DALLAS – One of the reasons the Dallas Mavericks have gotten off to such a terrific start this year is because is more efficient than it was last season.
A year ago, center Tyson Chandler was the main defender who helped erase the ills that happened on the perimeter. But this year it helps that the Mavs’ starting backcourt of Deron Williams and Wesley Matthews are much bigger and more physical than last year’s starting backcourt of Rajon Rondo and Monta Ellis.
That extra girth and desire to play defense has been the calling card for the 8-4 record the Mavs have produced heading into tonight’s 7:30 contest against the Utah Jazz at American Airlines Center.
"I think our concentration has been better – we’ve worked hard on it,’’ coach Rick Carlisle said of his team’s defense. "We’re a little more physical because we’ve got a little more size at the guard positions.’’
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While Chandler picked up 31 double-doubles last year for the Mavs and was the team’s emotional leader on and off the court, Zaza Pachulia brings a different kind of flavor to the table at the center spot. Pachulia (6-11, 275) already has six double-doubles and is on pace to collect 41.
"Zaza is a different kind of guy at the center position,’’ Carlisle said. "But look, we’re nine or 10 or 11 games into (the season), or whatever it is, or 12.
"It’s very early yet, and we’ve got to keep working to continue to get better and keep moving this thing in the right direction.’’
Opponents are shooting 42.5 percent from the field against the Mavs, which is the sixth-best defensive showing in the NBA. Also, the Mavs have the third-best 3-point shooting defense in the league at 30.6 percent.
Offensively, the Mavs will be heavily challenged tonight by Jazz center Rudy Gobert, who is second in the NBA in blocks with 3.2 per game. At times, it is as if the 7-1, 245-pound Gobert is in two places at the same time on defense.
That’s the type of impact he’s having, and what the Mavs will have to overcome tonight.
"You’ve just got to know where he is,’’ Carlisle said. "He’s so tall and has very good instincts, and a lot of times he holds his jump until late, until you’re just getting ready to shoot the ball.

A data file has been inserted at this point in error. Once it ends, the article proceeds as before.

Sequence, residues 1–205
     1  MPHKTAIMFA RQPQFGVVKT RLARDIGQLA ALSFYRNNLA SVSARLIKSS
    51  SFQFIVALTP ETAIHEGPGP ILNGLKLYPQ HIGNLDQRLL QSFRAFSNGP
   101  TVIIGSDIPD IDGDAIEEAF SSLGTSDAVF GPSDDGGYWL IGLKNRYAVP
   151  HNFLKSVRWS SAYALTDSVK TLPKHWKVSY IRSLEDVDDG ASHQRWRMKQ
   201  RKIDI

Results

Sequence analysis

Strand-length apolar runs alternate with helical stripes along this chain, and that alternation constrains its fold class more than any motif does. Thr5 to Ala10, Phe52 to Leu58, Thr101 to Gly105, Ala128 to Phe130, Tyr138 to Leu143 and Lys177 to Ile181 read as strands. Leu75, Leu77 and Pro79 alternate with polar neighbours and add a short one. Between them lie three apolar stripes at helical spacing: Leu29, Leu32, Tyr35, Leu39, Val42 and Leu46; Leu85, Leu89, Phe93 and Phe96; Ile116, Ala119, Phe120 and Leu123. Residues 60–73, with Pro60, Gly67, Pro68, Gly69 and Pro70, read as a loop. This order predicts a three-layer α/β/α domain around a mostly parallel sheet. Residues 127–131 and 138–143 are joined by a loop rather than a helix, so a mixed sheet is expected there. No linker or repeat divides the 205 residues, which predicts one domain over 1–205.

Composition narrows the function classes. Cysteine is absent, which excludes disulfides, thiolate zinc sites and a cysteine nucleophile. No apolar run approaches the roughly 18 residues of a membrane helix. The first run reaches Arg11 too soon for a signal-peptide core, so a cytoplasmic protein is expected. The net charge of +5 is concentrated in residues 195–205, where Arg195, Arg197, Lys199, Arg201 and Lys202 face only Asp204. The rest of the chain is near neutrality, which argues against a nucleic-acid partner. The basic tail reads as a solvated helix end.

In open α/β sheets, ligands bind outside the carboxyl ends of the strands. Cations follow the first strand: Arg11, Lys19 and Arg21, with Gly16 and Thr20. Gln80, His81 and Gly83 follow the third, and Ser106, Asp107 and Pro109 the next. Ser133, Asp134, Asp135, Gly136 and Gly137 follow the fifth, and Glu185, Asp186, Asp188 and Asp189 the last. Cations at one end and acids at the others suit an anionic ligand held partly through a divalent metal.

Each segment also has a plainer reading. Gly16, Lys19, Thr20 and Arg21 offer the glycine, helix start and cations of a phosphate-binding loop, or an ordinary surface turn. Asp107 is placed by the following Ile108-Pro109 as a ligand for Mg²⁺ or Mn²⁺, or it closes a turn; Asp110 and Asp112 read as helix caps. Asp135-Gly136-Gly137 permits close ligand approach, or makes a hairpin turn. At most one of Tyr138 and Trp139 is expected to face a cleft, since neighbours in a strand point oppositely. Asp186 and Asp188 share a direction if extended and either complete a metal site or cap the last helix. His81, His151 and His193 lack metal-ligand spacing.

"There’s some analytics numbers out there that when he’s in the lane he’s having an unprecedented effect on changing shots and team’s missing. Shots are either being changed, being blocked or whatever, but he’s a guy who you cannot overlook as a force.’’
The Mavs plan to bring their own version of force in the name of Wesley Matthews, Deron Williams, Devin Harris and Jeremy Evans. It’s a reunion of sorts for those four players since they all used to play for the Jazz.
"Most of my best years were in Utah, so I have a lot of great memories from playing there,’’ said Williams, who was twice an All-Star with the Jazz. "I had a chance to play with a lot of my former teammates over the years – both Brooklyn and here _ so it’ll always be with me and be a part of me.’’
Evans would certainly agree with that assessment. Evans, who played for the Jazz from 2010 before signing a two-year free agent contract with the Mavs on July 15, got a bit confused early during his tenure with the Mavs.
"I got here and the first autograph session I kept looking up to see If I was going to know anybody,’’ Evans said. "I had to remember that I wasn’t in Utah.’’
What the Mavs have to remember tonight is that they’ve been a scrappy bunch who has found ways to win games just when they were counted out. Wednesday’s 106-102 victory at Boston, when the Mavs were down 18 points in the second quarter, is a perfect example of the Mavs’ resiliency.
"It hasn’t been pretty and we haven’t had any blowouts,’’ Williams said. "We’ve had some solid quarters, but we haven’t put together a full 48 minutes.
"The games where we got up, we kind of hung in there, and the games where we were down we were able to fight back and take control. So we just got to keep continuing to fight and play hard and play for each other.’’
Dwain Price can be heard every Wednesday from 3-4 on dfwiradio.com.